This is an excerpt from Developing Speed.
Performing acceleration drills from specific starting conditions allows evaluation of the athlete's technique for sport-specific situations. In team sports, practicing starts from the relevant start position, in addition to normal skills training, even when athletes may already perform this action in conjunction with skill training, focuses attention on technique and execution. The quality of the athlete's acceleration is affected by the quality of the preceding movement; therefore, a total speed program should address all elements of the athlete's movement. As noted by Gambetta (1996), we must supplement sport training with relevant work on the fundamentals (such as running techniques) in order to advance the athleticism of athletes.
Lateral Shuffle to Forward Sprint
Aim To develop the ability to transition from lateral movement to a forward sprint, a movement required in many sports, particularly American football, rugby, Australian rules football, and similar sports.
Action The athlete shuffles laterally for 5 to 10 meters and then sprint forward for 10 to 20 meters (photos a and b). Athletes maintain an athletic position while shuffling, with feet facing forward and arms held relaxed in the position of choice for the given sport. Athletes can initiate the forward sprint at a predetermined location or when they have developed effective technique. Athletes can also initiate the forward sprint in reaction to a stimulus.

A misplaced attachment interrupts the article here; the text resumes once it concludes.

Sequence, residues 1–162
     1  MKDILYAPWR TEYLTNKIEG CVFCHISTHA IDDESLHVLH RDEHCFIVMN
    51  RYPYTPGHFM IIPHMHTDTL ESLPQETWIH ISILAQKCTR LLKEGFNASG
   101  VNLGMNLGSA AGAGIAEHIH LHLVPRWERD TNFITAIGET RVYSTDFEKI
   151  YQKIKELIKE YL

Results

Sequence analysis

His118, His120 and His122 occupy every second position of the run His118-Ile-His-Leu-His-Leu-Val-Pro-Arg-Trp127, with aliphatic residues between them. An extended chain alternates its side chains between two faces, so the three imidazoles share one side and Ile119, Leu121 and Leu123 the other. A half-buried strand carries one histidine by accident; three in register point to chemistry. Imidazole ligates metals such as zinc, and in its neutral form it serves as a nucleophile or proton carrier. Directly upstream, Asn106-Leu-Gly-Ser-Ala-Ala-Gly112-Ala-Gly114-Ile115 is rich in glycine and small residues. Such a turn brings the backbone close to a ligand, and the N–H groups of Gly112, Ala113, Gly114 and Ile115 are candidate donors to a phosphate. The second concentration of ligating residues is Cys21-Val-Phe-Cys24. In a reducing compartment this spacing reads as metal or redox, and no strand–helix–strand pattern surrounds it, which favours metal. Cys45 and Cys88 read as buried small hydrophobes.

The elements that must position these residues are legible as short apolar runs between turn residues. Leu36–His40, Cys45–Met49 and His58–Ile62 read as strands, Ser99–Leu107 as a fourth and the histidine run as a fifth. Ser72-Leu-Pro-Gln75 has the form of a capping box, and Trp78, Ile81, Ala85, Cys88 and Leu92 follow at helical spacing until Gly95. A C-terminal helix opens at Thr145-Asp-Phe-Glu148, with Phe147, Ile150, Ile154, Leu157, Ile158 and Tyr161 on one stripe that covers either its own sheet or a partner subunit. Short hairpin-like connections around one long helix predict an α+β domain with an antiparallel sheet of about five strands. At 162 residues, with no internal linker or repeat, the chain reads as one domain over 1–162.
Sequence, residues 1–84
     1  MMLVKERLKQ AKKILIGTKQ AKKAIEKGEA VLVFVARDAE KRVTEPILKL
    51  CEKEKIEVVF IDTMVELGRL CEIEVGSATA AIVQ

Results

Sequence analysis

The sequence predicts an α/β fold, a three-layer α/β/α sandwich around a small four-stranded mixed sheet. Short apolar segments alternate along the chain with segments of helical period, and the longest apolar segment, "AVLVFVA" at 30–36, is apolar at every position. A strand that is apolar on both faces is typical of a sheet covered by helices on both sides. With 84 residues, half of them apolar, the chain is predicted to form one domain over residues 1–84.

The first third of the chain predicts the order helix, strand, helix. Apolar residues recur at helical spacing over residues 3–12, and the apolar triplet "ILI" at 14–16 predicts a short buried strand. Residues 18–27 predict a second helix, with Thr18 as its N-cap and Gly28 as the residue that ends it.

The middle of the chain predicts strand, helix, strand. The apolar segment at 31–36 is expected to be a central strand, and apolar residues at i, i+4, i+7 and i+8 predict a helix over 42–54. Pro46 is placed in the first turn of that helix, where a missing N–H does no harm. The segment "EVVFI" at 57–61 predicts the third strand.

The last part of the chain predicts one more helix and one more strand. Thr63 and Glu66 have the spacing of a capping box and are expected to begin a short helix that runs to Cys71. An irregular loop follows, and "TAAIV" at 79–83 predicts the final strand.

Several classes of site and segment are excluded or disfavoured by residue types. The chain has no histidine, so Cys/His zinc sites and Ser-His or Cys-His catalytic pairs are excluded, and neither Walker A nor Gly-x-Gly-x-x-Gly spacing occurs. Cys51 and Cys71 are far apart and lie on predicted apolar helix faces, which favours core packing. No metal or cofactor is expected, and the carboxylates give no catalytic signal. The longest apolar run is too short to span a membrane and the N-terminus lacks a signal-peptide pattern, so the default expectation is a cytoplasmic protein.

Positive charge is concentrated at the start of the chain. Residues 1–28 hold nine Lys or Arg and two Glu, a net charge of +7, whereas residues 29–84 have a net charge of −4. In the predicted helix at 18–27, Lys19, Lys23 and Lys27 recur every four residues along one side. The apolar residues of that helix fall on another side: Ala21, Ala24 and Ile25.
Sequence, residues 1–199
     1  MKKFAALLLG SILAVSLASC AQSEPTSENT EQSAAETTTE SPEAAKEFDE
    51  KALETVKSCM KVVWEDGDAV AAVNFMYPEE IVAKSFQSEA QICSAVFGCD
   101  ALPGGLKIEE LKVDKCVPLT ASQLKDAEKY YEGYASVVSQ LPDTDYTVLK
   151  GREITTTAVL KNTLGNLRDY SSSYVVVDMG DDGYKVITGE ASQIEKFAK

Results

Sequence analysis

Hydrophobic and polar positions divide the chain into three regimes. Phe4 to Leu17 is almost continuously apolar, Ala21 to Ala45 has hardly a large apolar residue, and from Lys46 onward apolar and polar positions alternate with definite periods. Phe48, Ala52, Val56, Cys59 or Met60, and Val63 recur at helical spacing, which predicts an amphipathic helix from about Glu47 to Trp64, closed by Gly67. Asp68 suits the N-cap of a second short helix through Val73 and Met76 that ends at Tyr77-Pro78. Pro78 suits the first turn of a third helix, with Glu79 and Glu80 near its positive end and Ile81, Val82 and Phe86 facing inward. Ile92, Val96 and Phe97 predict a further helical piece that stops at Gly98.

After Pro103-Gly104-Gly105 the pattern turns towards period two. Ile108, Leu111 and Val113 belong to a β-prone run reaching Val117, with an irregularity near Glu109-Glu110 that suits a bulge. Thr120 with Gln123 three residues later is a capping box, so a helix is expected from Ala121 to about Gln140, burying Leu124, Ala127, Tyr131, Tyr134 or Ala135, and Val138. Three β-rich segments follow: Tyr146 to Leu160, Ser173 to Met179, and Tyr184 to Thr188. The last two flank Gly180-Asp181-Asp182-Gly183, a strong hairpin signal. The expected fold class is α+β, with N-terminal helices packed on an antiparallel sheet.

Walk-and-Jog Start to Sprint-Out
Aim To develop the ability to accelerate from a linear rolling start.
Action Set up two cones about 10 to 20 meters apart. The athlete starts at the first cone and begins walking, eases into a jog, and then shifts to a sprint before reaching the other cone. The athlete focuses on the changes in mechanics associated with changing pace. (Instead of using cones, the coach could cue the transition with relevant commands.)
Ins and Outs
Aim To develop the ability to relax at speed.
Action The athlete accelerates maximally over 20 meters and then maintains that pace for 20 meters, focusing on relaxing rather than on driving. At 40 meters the athlete accelerates again, trying to reach near top speed as soon as possible after the 40-meter mark and maintains that pace to the 60 meter mark. Finally, the athlete reduces intensity and floats for 10 to 20 meters more, keeping the stride cadence high while focusing on relaxation. The second acceleration gives athletes the opportunity to focus on acceleration mechanics from a relatively fast lead-in speed, improving their transition from a fast run to sprinting and teaching rhythm. The distances of each phase can vary depending on the requirements of the sport and the athlete.
Read more from Developing Speed by National Strength and Conditioning Association (NSCA) and Ian Jeffreys.